Child custody disputes can be highly contentious. This is understandable. After all, the outcome of any singular child custody issue can completely change your relationship with your child.
If that makes you nervous, then you need to be prepared before stepping to the negotiation table or into a courtroom to argue the matter. This means gathering evidence of why your position supports the child’s best interests. That may sound easy enough, but sometimes child custody disputes turn into he-said, she-said scenarios that make it challenging to decipher what, exactly, is going on in each parent’s household.
There is a way to get a clearer picture, though. Under Colorado law, any party to a child custody proceeding, as well as the court, has the ability to request that some sort of evaluation occur. This evaluation may be conducted by a social worker or a mental health professional, culminating in the creation and submission of a report to the court.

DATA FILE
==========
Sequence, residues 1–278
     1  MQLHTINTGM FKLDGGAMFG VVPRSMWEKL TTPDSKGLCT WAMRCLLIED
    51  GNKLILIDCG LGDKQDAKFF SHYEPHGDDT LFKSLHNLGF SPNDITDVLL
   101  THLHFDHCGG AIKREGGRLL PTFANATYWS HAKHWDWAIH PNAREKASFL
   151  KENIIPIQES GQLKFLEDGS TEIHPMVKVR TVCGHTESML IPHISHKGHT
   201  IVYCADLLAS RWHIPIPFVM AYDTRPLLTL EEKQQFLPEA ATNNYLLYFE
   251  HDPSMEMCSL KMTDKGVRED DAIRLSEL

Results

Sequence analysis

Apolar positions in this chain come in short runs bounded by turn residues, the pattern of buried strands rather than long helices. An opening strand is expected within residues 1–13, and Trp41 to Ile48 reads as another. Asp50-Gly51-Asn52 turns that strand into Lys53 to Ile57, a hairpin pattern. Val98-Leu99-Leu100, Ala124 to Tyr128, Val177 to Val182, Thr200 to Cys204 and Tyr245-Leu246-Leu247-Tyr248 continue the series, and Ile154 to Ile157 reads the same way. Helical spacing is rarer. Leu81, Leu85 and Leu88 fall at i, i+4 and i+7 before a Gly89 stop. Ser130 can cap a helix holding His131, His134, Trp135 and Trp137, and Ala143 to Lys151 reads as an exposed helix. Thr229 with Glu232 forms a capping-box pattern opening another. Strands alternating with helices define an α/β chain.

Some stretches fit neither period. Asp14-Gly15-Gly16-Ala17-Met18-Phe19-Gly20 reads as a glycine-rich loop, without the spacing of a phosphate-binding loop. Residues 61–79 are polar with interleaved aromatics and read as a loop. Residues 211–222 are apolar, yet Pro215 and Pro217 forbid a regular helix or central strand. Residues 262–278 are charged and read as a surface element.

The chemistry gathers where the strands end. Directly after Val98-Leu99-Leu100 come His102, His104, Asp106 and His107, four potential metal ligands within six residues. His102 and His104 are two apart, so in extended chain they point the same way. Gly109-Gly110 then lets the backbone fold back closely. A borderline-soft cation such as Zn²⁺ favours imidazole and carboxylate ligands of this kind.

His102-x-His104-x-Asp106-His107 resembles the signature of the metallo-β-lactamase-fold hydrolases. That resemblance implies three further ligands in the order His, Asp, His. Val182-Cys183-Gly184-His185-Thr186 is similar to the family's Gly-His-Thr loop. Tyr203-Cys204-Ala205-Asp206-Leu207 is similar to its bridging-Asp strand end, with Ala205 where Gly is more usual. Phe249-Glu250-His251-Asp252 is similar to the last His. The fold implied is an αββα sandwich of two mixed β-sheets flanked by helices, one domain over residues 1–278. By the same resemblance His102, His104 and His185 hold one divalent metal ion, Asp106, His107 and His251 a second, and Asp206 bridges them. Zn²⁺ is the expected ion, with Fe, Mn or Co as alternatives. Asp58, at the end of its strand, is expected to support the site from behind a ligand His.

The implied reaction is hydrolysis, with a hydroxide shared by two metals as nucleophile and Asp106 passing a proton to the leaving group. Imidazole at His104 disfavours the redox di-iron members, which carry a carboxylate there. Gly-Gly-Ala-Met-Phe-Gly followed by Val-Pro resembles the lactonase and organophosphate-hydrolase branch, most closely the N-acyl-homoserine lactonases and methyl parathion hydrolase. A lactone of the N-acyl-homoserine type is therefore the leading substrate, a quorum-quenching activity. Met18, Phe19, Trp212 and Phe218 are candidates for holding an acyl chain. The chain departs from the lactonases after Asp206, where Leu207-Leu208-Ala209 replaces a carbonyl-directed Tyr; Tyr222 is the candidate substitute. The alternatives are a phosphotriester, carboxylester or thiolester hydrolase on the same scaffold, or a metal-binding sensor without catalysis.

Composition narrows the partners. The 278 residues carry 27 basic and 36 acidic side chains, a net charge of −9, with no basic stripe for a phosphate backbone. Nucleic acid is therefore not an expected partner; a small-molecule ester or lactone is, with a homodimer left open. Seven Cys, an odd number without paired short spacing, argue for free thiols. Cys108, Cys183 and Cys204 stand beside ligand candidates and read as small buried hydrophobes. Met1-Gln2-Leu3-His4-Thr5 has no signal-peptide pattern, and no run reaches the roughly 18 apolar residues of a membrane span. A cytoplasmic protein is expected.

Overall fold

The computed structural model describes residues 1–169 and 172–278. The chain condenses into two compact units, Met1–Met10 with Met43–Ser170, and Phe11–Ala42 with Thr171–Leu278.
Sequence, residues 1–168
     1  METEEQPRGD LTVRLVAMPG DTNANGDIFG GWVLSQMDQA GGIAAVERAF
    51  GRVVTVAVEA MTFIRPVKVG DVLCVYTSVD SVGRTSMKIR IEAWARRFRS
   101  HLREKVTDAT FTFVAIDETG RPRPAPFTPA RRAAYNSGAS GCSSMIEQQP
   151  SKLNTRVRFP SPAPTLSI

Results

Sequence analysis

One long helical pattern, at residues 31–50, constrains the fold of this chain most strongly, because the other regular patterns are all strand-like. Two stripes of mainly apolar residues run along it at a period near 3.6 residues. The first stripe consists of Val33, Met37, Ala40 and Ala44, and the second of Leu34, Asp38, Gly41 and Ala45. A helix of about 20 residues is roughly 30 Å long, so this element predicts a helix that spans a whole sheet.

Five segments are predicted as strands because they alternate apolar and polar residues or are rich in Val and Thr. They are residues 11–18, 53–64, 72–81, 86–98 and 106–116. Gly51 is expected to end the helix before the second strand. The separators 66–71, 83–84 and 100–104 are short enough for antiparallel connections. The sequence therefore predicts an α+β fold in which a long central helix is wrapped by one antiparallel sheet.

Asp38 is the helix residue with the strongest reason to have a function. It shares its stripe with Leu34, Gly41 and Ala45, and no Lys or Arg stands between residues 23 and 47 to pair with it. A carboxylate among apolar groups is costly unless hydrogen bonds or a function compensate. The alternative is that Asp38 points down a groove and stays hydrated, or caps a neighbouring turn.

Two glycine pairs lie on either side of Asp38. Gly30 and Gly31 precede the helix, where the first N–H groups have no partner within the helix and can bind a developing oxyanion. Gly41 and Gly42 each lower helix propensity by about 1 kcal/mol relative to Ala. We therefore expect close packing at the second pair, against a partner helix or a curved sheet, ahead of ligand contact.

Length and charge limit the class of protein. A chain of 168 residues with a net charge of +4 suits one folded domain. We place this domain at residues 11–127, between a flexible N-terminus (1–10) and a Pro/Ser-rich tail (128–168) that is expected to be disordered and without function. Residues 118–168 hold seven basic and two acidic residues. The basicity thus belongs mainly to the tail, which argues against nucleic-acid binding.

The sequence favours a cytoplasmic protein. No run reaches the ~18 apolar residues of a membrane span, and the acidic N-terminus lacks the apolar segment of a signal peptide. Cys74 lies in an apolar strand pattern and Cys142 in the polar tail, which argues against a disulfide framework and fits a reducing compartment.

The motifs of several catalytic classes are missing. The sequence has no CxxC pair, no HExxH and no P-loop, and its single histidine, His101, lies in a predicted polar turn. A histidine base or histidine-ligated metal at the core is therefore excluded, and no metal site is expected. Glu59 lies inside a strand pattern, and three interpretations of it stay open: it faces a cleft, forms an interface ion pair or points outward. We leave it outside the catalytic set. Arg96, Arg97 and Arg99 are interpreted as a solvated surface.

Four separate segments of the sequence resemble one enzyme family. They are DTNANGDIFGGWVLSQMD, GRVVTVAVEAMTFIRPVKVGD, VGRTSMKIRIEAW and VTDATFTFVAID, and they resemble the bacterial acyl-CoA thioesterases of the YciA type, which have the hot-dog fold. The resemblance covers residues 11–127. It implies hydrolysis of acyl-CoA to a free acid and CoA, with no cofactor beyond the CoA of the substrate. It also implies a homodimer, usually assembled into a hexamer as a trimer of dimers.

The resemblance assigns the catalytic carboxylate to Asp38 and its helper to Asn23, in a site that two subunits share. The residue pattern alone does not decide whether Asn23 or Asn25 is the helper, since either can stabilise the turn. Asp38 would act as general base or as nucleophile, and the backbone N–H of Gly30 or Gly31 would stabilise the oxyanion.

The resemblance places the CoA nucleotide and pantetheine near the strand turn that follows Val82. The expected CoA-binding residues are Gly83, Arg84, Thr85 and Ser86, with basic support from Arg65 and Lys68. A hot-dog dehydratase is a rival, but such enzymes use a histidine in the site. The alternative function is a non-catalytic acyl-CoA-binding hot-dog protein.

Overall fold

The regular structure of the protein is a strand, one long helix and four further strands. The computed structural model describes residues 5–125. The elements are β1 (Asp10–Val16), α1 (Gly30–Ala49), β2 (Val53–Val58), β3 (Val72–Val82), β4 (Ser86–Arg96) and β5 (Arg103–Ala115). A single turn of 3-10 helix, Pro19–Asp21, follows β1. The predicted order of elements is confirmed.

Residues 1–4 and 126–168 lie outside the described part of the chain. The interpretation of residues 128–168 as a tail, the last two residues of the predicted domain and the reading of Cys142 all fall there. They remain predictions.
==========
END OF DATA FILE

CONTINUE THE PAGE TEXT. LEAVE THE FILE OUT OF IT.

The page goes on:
This evaluation should address any contested issue, which is pretty broad in scope and gives you the opportunity to pursue further evidence that may support your case. The evaluator is legally entitled to discuss parenting issues with other individuals, including those who have provided mental health, educational, medical, and other professional services to the family. The evaluator may also refer the child to a professional to obtain a mental health diagnosis, if needed.
The court will look at a number of factors before ordering an evaluation. It will consider whether the evaluation is necessary to determine what course of action furthers the child’s best interests and whether an evaluation of the child can contribute to that determination. Additionally, a court will consider whether the assignment of a family investigator, to be discussed in a future post, would be a more appropriate avenue to address the matter.
Child custody cases may seem straightforward on their face, but they can actually be enormously complex. So, if you find yourself considering the value of an evaluation, or wanting to challenge the results of an evaluation, then you might want to think about speaking with a legal advocate who can help you fight for the outcome that is best for your child.